by Carly Cronin
Earlier this week one of the brightest lights in baseball went out. His name was Jose Fernandez, a major league player with the Florida Marlins. Hernandez was best known for his infectious smile, his deep love of family, and his incredible talent as a player. He was only 24 years old. Fernandez and two others were tragically killed in a boating accident on Sunday September 25th. The fishing vessel was found upside down on a jetty off the coast of Miami Beach. Fernandez was an avid fisherman and died doing what he loved most when he was not on the mound pitching for the Marlins.
In one sense, Fernandez’ life story is not so unique; a young Cuban boy in search of a better life in America with the will to find his way into this country no matter how many times he had to try. He was born in 1992 and grew up in Santa Clara, Cuba. Life was very difficult there and his family knew they had to get out. His stepfather, Ramon, defected in 2005 and settled in Miami, Florida. He urged his family to find a way to join him now that he had a place for them to come to. Jose attempted to flee to the United Stated several times before he and some of his family succeeded. With each failed attempt, he spent time in prison, but that did not deter him from trying again. When he and his mother and sister finally made it out of Cuba, they moved to Florida and began a new life there; a life of freedom. Many stories have been shared about his perseverance and determination to come to America to share his talent with the world. He had a gift.
As a baseball player, Fernandez surely made his name known in the baseball world and beyond. He was a standout player for his high school in Florida and began to catch the scout’s eyes. After some controversy surrounding his eligibility for the draft, he won an appeal and was declared eligible. In 2011, the Florida Marlins selected Jose in the first round. From there, his success just soared from his time in the minors until he reached the big leagues. He was named the Minor League Pitcher of the Year. In 2013, he joined the ranks of the Majors and was named Rookie of the Year. He continued to have success on the mound and was in the prime of his career when tragedy struck. In his last game on September 20, 2016, he pitched 8 shutout innings in a 1-0 win and told his teammates he felt that it was “the best game he ever pitched”.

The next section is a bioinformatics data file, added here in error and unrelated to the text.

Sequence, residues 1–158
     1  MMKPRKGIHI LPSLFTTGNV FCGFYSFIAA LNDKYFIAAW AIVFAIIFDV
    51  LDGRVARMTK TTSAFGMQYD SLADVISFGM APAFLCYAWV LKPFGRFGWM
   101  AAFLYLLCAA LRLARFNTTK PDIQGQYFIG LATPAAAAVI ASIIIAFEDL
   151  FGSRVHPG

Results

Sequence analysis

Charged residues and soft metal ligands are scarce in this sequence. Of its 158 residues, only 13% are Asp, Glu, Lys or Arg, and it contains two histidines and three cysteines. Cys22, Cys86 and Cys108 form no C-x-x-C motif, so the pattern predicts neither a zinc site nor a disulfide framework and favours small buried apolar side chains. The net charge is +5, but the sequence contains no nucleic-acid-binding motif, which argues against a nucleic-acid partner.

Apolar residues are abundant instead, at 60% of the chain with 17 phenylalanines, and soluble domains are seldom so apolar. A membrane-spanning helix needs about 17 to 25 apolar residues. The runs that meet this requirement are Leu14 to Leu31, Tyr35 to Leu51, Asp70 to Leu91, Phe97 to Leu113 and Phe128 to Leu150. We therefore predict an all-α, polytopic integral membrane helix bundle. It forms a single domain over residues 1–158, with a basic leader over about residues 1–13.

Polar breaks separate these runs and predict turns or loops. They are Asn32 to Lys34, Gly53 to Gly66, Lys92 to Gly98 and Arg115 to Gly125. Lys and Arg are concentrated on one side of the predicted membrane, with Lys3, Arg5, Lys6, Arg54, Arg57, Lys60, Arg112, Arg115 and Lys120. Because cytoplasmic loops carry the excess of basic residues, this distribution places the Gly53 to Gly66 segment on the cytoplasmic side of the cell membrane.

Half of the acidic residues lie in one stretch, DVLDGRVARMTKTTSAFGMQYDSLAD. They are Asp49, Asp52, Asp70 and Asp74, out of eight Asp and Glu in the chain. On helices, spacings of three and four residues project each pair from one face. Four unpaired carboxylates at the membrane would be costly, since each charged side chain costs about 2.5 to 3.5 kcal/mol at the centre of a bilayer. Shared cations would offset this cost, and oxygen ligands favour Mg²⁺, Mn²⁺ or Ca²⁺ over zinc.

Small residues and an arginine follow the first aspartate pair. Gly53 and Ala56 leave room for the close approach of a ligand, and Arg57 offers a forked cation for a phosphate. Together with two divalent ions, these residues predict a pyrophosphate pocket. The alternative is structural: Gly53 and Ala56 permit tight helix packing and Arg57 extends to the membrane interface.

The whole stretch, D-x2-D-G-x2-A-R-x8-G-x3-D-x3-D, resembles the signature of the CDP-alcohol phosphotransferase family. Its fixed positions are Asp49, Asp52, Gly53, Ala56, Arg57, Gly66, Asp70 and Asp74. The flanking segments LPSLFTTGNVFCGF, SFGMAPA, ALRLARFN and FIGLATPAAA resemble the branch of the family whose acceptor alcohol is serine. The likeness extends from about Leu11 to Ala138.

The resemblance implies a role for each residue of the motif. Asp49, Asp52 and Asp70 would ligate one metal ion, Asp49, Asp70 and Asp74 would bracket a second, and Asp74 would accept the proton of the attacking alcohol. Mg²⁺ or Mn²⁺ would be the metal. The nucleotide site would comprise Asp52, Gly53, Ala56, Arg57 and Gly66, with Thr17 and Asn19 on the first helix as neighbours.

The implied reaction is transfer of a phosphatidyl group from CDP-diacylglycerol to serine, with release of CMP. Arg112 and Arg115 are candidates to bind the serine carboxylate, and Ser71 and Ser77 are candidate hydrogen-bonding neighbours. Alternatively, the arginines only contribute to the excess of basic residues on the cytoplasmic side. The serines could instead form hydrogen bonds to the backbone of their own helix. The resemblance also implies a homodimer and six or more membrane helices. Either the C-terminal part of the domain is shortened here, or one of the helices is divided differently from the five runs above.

As the world of baseball and beyond heard of the unspeakable tragedy, it seemed that time just stopped. All of a sudden the “game” didn’t seem so important…PERSPECTIVE. The Florida Marlins held a press conference where their raw emotions left nothing to question. Their scheduled game for that day was cancelled and tributes began to come from each MLB clubhouse. One of Jose Fernandez’ best friends is the St. Louis Cardinals shortstop, Aledmys Diaz, who grew up with Jose in Cuba. When he heard the news he was granted permission to leave to be with Jose’s family, even though he had a game that evening. He stated, “This is family. The wild card race can wait. These are just baseball games”…PERSPECTIVE. All over the country, various teams honored Fernandez in some way. David Ortiz of the Boston Red Sox asked that he not be honored that evening, as was planned, for that day was not a day to celebrate. Players wrote his initials and numbers on their caps, jersey’s and equipment. Ballparks displayed his jersey in their dugouts and held a moment of silence in his honor. Players shared memories of how Jose taught them to fight for their dreams, to not let negativity rule their lives and to hold family close…PERSPECTIVE.
In researching and reporting this tragic story, I took a moment to reflect upon all of us who call ourselves athletes. As a Division 1 Lacrosse player at Bryant University, I am a member of a team that is driven…driven to work hard, to train, to win. We get wrapped up in our sport, the wins and losses, the awards, and championships. But each time a tragedy occurs, we take pause and step back to see the greater lesson. We consciously know that in the end, it is just a game, whether amateur or professional. Some things are just more important – the nature of the human spirit, the camaraderie among our teammates and colleagues, and the common understanding of how fragile life can be. What is important in life are not the wins and losses, the number of awards or championships but the memories you have created, the kindness you have shown, the way in which you have given back to society and the difference you have made in your time here on Earth…PERSPECTIVE.